#12 AlienRatDog

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Posted 22 October 2019 - 07:54 AM

The image becomes larger due to increase in focal length. The f/5 (again I’m talking about using a sensor at prime focus) will “stretch” the light out by making it bigger (increased magnification). If the focal ratio is the same, the brightness is the same (photons per unit area), the increase in in focal length will make it bigger. An example, my f/2.8 camera lens will require a heck of a lot less exposure than my f/10 C8, even though the C8 is bigger. In visual use, you are using an eyepiece to make an image of the image at the focal point. If you have the same magnification, the bigger scope will be brighter due to more light being collected and distributed over that image (that is the same size). Here is an extreme case, get that 100mm refractor and 150mm reflector, point it at the Orion Nebula, on the 100mm refractor, put the lowest power eyepiece you can (say 15x) and on the reflector, put a very high power eyepiece (say 400x), you will notice that the smaller image will be brighter. Now place them at the same magnification (say 50x), in this case the 150mm reflector will be brighter as the image scale is the same and the 150mm collects more light. Point of the matter, the image scale (without an eyepiece) and your camera is a function of focal length. If you keep the focal length the same (hence image scale), the larger aperture will be brighter, the focal ratio is a handy way of quantifying this. In your case the 150mm would be brighter since it’s image scale is similar. Think about how much light you are collecting and how you are spatially distributing that light.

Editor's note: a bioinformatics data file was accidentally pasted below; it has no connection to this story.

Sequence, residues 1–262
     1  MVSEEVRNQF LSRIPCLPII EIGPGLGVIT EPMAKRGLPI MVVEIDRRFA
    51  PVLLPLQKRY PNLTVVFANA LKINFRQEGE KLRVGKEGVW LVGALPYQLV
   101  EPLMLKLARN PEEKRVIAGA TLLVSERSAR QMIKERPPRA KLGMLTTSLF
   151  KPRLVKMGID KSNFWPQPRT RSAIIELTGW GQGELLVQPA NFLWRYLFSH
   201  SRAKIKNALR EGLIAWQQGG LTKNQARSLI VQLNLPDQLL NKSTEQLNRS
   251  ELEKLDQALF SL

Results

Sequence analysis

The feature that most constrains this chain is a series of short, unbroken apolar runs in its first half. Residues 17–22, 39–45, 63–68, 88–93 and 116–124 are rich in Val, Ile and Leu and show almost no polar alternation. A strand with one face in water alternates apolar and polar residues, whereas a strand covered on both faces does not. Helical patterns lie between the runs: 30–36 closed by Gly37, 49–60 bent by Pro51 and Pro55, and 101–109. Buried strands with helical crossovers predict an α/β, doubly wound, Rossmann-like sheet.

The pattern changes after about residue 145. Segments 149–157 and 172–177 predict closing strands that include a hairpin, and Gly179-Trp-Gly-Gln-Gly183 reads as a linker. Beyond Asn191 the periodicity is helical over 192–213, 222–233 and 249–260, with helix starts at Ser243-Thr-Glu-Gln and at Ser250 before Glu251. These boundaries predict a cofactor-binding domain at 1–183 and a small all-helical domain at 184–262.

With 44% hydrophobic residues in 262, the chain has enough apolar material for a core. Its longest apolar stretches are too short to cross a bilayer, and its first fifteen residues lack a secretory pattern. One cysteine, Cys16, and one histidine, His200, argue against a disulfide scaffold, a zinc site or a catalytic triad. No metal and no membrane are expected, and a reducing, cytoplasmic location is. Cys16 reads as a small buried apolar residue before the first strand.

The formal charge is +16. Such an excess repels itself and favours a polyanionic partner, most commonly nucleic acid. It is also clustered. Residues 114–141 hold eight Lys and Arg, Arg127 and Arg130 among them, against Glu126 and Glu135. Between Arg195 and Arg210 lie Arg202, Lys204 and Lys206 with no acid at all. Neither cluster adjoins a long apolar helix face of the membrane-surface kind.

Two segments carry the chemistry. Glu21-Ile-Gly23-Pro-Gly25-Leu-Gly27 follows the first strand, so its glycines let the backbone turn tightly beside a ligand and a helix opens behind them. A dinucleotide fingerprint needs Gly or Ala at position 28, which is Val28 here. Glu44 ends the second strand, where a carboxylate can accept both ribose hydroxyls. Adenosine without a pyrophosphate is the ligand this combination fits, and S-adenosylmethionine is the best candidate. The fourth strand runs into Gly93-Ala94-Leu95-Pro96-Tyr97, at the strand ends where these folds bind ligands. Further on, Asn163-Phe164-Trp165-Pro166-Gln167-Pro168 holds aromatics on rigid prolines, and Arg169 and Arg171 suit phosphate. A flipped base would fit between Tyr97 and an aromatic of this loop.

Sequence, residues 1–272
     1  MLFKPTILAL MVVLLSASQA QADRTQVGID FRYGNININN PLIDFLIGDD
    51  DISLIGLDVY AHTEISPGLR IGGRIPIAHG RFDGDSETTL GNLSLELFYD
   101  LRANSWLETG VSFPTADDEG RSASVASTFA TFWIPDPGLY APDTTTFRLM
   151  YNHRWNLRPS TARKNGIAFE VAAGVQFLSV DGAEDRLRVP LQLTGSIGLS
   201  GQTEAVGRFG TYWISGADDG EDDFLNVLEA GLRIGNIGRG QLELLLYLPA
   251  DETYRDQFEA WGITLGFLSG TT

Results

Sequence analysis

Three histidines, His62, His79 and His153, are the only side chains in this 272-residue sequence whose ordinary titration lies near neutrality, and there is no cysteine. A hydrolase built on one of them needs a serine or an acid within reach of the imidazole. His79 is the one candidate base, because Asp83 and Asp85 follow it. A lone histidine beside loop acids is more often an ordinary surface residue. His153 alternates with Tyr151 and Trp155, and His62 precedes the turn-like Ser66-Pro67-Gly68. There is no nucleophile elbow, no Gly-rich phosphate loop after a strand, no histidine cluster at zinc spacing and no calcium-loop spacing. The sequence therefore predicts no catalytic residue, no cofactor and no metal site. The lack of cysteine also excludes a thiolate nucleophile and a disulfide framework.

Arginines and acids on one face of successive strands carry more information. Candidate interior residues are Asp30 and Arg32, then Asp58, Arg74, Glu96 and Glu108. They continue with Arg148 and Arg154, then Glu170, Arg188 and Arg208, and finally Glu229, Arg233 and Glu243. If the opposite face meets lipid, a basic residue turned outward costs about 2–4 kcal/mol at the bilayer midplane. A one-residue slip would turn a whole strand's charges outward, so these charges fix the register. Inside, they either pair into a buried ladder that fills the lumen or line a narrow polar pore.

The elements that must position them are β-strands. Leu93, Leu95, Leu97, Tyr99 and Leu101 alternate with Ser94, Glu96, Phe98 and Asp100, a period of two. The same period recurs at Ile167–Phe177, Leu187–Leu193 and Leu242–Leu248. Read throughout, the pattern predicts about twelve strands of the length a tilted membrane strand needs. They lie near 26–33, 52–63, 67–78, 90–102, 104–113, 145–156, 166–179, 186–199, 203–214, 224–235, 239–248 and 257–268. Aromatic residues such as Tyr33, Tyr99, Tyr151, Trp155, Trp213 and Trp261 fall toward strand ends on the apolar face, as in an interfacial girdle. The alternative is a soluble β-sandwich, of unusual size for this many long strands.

Edited by AlienRatDog, 22 October 2019 - 08:02 AM.


#13 caballerodiez91

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Posted 22 October 2019 - 01:19 PM

The image becomes larger due to increase in focal length. The f/5 (again I’m talking about using a sensor at prime focus) will “stretch” the light out by making it bigger (increased magnification). If the focal ratio is the same, the brightness is the same (photons per unit area), the increase in in focal length will make it bigger. An example, my f/2.8 camera lens will require a heck of a lot less exposure than my f/10 C8, even though the C8 is bigger. In visual use, you are using an eyepiece to make an image of the image at the focal point. If you have the same magnification, the bigger scope will be brighter due to more light being collected and distributed over that image (that is the same size). Here is an extreme case, get that 100mm refractor and 150mm reflector, point it at the Orion Nebula, on the 100mm refractor, put the lowest power eyepiece you can (say 15x) and on the reflector, put a very high power eyepiece (say 400x), you will notice that the smaller image will be brighter. Now place them at the same magnification (say 50x), in this case the 150mm reflector will be brighter as the image scale is the same and the 150mm collects more light. Point of the matter, the image scale (without an eyepiece) and your camera is a function of focal length. If you keep the focal length the same (hence image scale), the larger aperture will be brighter, the focal ratio is a handy way of quantifying this. In your case the 150mm would be brighter since it’s image scale is similar. Think about how much light you are collecting and how you are spatially distributing that light.

Thanks for the explanation!